Bobulate

Home [ade] cookies

How new software ends up on KDE4-Solaris

November 17th, 2010

I really like it when new software packages are mentioned in blogs or on the dot. Those — based on a combination of personal interest and seeing how the community reacts — drive my selection of packages for OpenIndiana and OpenSolaris (such as it was). Something like the dot story on Sentinella says to me “this is interesting software.”

So I’ve started to package Sentinella, and you can find progress in the -460 repo. What progress? You ask. Yeah, it’s not trivial and the code shows some gcc-isms, for which I have filed bug reports. So as of this writing, there’s no Sentinella spec file in there. It’ll come.

I spotted a new poppler release (1.5.2) in its work towards a 0.16 version. I think I spotted that in a Freshmeat RSS feed somewhere. Packaged most of that up, although it too has some gcc-isms. Balked at registering for the FreeDesktop bugzilla, here are the patches. A gcc-ism for variable-length arrays, introducing a Solarisism for RPATH, using the <ios> header to get std::hex and std::dec, and a gcc-ism around unicode strings. Simple.

Speaking of unicode strings, it seems that gcc will take “\u0161″ as a unicode string and encode it in UTF-8 as two bytes. The Sun compiler doesn’t like that as it interprets \u0161 as a UTF-16 character, which doesn’t fit in a char. On the other hand, U”\u0161″, a unicode character string, is not a char * but a short *. I ended up using gcc to determine that “\u0161″ is the same as “\305\241″ (octal!) and patched poppler to use that.

But while searching for some information on unicode strings, I found Lukas Lalinsky (see, no unicode for me; sorry Lukáš) blogging about taglib releases, so I bumped that one as well.

I guess the summary answer to “how does software end up in the KDE4-Solaris specfile repository and package server?” is “it’s a crap-shoot depending on what I notice.” That’s not entirely good, but it also means that we’re largely driven by KDE needs.

In closing, a shout-out to Jarosław and the KOffice folk for providing some really useful information for packagers. That deserves a whole separate post (e.g. when KOffice is indeed packaged for OpenSolaris and OpenIndiana).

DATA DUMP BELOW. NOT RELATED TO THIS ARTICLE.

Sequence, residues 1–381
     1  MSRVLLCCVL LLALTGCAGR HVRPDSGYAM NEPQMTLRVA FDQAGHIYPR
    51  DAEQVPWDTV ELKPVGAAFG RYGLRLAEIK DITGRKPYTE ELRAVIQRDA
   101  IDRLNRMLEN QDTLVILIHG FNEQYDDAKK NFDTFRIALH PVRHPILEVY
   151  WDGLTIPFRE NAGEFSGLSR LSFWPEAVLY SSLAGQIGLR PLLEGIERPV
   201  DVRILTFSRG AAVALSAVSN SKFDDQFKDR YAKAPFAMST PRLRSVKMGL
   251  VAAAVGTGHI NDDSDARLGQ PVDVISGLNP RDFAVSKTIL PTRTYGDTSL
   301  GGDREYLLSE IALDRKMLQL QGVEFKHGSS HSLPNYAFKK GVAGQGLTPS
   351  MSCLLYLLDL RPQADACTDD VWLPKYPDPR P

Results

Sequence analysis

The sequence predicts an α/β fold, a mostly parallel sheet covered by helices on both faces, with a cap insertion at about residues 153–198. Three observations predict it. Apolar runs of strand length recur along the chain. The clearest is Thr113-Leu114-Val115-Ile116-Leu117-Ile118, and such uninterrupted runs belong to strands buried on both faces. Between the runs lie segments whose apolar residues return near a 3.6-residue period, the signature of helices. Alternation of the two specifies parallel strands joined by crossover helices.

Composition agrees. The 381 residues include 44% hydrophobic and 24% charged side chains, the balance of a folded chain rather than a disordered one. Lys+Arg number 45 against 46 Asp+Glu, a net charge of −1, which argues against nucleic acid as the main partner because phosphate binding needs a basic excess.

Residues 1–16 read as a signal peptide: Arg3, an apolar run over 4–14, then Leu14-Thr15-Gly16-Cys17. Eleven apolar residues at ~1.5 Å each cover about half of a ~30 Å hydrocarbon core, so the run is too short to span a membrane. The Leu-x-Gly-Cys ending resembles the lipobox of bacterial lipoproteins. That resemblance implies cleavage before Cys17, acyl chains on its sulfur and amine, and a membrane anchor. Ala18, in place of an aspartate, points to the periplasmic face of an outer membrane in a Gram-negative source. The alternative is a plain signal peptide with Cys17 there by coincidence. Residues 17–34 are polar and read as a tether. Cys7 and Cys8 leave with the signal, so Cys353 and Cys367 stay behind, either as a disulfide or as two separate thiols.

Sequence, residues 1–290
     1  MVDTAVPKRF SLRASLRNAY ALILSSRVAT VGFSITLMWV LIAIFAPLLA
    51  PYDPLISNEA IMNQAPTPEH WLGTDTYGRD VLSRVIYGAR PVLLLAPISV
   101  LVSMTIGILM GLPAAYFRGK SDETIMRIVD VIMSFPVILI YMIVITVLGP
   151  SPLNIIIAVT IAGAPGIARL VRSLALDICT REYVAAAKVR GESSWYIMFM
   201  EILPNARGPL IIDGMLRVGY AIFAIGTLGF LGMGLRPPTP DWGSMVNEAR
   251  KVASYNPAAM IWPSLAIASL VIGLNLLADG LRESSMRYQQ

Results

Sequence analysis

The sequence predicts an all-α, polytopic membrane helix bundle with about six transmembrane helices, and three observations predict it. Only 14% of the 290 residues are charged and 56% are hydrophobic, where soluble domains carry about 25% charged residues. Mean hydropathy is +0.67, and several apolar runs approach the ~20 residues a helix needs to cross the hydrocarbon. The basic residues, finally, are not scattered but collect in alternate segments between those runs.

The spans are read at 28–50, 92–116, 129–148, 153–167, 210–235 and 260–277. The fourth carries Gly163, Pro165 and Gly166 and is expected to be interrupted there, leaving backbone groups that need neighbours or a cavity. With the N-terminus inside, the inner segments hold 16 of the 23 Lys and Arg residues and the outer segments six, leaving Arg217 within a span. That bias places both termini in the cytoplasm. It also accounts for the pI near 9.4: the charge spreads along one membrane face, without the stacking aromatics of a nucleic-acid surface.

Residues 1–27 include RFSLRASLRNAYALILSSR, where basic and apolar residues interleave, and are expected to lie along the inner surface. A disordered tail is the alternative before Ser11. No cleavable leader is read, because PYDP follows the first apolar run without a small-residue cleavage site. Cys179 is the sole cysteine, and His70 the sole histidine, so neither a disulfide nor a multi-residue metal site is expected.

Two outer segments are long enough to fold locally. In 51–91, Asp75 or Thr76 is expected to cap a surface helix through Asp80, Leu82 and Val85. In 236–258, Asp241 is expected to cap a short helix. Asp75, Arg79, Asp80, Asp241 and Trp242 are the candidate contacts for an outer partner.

Rain and Reason

November 15th, 2010

As Sebas has already noted, there was a KDE e.V. board meeting over the weekend. I had Claudia, our business manager, over on wednesday and we had a good thursday at the NLUUG Fall Conference on Security (where Claudia ran the booth and I was acting as part of the NLUUG board). I think there’s a real advantage to getting together before a board meeting and spending some time chatting and whatnot — it takes those topics out of the meeting time and allows us all to synchronize a little on what the current issues are.

You might claim that the main issue was horrific weather, with storm, rain, more rain and cold going on in the city of Nijmegen. I might claim that the main issue was how to eat all the food.

Another issue we ran into was the visible lack of visibility (!?) of the documentation for Sprints and developer events. Sjors is the catalyst here. I think we spend about half of the total KDE e.V. budget on sprints (the rest is Akademy and office and personnel costs), and you can find plenty of mention of events in the quarterly report (PDF) or on the Dot once they’ve happened. So the board thought that the sprint organization mechanism was pretty obvious, and it turns out it’s not.

But thanks to that realization, we now have Sjors being all enthusiastic about a KMess event, and I’m starting to plan an KDE4-OpenIndiana event and there’s something I need to cook up further with Celeste, too. So expect more entries in the upcoming-sprints department soon. One of the tasks I’ve taken away from the board meeting is to improve the sprint HOWTO with perhaps some more fine-grained instructions or checklists. But I’ll give my own interpretation of what a sprint is and what it’s for first:

A sprint is a single event, highly focused on technical results, in one location with a short time frame (a week or less) and a single topic; the topic is most often development of an application or library. A sprint is organized by an existing development community, and has a small core group of attendees (six to ten people). A sprint is 80 percent sweat (e.g. getting work done and of that, let’s say 60/40 for doing stuff and planning future doing) and 20 percent social.

You’ll note that some things we call sprints aren’t, by this personal definition. Those events are swept up by the more general term “developer events.” It’s not like we hold up events plans to this simple descriptive yardstick — feel free to come up with something else.

KDE e.V. supports the organization of these events — financially, sometimes administratively, and rarely (simply because it’s almost never needed) organizationally. However, KDE e.V. doesn’t come up with its own sprint ideas, nor will it (generally) approach people saying “you should do a sprint.” It waits for (sub)communities within KDE to come up with something and to show off a plan — or even a sketch of a plan — before starting to act.